18 Nurse Engagement Ideas for Better Recruitment & Retention
The Mega List of Nurse Engagement Ideas CNOs can Use for Better Recruitment and Retention
It’s a simple question with complex answers: Why do nurses leave? As a CNO, you strive to offer your clinicians great benefits, shared governance, nurse self-scheduling and many other perks that make your hospital a great place to forge a career. Yet, too often, nurses still take the revolving door out of your organization and into another. How can you stop it from happening?
As we’ve written before, nurse engagement is one powerful tool to improve retention rates. Engagement leads to empowerment, which many studies have linked to increased job satisfaction, less burnout and greater “intention to stay” among nurses.
To increase nurse engagement, try these 18 creative strategies to get nurses so excited about working for your hospital that they never want to leave.
1. Develop a formal nurse engagement strategy
Most organizations with successful nurse engagement programs develop a written strategy, complete with measurement tools and reporting of metrics. Involve nurses at all levels in this planning, measurement and reporting so they feel empowered to shape the program in ways that benefit them. Continually refine the program based on data and feedback about what works and what doesn’t.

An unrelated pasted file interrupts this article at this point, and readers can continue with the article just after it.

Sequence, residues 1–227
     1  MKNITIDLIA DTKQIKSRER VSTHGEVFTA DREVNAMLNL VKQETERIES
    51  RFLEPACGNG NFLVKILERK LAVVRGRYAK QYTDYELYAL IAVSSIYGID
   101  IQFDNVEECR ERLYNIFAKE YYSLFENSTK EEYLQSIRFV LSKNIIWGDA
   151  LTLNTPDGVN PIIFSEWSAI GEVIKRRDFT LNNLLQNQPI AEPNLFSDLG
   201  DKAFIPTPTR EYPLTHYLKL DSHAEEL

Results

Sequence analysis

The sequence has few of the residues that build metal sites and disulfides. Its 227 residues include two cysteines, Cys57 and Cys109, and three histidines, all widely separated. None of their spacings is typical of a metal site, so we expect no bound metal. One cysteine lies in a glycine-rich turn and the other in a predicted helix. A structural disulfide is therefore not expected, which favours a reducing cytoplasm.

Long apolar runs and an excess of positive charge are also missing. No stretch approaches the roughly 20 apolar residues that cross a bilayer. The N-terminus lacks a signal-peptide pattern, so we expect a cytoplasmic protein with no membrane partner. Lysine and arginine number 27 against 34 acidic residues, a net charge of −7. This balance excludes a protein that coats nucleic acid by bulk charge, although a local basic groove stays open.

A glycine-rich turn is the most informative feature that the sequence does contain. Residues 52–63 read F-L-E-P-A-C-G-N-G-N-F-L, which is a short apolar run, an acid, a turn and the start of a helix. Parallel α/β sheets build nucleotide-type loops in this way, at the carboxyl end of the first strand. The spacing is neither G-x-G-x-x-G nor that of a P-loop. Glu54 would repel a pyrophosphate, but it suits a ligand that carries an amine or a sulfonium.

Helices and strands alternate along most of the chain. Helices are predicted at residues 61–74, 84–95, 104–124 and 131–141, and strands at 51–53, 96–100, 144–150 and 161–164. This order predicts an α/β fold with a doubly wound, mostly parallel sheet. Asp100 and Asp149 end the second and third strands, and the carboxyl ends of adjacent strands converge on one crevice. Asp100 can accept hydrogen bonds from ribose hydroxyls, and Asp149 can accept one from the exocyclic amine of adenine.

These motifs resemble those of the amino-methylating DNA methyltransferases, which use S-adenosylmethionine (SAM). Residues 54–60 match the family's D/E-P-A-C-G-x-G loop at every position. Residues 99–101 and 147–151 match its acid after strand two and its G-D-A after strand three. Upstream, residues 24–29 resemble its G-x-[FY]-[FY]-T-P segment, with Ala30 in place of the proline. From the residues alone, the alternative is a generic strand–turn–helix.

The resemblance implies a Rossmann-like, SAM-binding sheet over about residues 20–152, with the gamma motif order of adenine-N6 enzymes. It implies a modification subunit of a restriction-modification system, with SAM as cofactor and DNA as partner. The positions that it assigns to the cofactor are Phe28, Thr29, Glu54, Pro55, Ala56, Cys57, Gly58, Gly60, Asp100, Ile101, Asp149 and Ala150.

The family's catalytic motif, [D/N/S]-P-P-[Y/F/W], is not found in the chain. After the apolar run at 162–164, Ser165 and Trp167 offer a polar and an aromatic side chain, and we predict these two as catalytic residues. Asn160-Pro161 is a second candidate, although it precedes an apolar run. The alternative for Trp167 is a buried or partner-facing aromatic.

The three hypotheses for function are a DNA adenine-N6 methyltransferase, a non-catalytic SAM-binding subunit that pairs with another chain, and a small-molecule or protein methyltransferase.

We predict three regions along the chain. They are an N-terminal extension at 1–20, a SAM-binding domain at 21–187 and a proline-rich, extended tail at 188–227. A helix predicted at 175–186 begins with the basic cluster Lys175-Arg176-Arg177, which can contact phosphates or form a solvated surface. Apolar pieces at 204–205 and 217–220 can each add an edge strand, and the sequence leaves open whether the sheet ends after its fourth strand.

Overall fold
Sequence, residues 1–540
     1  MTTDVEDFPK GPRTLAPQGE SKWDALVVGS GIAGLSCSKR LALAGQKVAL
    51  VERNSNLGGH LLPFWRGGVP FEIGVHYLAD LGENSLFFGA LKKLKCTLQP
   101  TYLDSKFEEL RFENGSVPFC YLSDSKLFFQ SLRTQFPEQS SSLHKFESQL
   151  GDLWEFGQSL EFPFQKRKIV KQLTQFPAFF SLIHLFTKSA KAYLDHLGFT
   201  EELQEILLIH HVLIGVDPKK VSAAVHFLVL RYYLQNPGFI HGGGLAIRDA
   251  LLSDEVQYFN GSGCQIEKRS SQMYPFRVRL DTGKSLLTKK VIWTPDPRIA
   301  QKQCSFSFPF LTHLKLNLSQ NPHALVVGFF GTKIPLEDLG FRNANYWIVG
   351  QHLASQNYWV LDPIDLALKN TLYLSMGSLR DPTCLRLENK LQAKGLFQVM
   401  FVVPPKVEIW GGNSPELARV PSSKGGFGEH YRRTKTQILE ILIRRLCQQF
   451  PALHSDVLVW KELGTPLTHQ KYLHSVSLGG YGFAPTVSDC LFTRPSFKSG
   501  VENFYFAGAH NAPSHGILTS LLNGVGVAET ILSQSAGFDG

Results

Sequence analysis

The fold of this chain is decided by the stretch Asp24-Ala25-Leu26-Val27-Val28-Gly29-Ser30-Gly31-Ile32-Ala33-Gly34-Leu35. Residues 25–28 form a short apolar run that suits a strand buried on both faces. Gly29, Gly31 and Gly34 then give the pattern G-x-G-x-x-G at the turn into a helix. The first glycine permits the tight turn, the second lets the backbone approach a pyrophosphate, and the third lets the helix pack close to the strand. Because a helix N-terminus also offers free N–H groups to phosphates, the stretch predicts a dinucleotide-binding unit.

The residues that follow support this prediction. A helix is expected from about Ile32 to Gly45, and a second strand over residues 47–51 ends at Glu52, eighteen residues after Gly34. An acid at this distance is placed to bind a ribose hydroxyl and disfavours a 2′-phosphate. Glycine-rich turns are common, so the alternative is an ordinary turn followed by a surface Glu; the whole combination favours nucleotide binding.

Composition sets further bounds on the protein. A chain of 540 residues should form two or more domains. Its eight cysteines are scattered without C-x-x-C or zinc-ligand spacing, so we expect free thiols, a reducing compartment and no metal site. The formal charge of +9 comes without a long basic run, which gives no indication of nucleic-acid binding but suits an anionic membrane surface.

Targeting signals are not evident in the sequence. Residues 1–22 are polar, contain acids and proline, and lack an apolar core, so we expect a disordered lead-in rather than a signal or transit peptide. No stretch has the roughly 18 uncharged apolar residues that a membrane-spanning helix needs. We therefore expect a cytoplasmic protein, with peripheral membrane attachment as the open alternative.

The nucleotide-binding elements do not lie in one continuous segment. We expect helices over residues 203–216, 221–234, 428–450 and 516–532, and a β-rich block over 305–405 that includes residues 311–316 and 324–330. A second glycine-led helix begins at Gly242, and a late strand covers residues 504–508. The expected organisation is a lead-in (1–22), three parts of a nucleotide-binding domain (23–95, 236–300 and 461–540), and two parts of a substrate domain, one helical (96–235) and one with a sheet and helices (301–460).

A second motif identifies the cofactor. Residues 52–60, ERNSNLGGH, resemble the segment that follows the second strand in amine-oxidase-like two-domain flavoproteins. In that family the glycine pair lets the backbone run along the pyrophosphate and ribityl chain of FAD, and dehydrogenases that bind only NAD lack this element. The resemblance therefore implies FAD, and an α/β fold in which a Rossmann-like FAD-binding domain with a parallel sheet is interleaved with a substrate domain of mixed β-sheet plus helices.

2. Give nurses control of their own schedules
Offering self-scheduling allows nurses to achieve better work-life balance. And virtually all nurses appreciate having a smartphone app that allows them to schedule, request PTO or swap shifts on-the-fly.
3. Solicit constant feedback
Make it easy for nurses to share ideas, concerns and complaints – anonymously or otherwise. Set up feedback boxes where they can drop cards, and maintain an open-door policy at all levels of nurse management so your nurses feel heard and empowered to help guide the organization.
4. Hold interdepartmental social events
A PACU nurse might chat frequently by phone with a nurse on a med-surg floor when transferring a patient upstairs, but those nurses might never feel like part of the same team because they’ve never met in person. You can solidify those bonds across departments by holding regular social events to welcome new staff members, celebrate teams and more. To make these events more meaningful, invite just two or three departments at a time and encourage everyone to get to know each other better.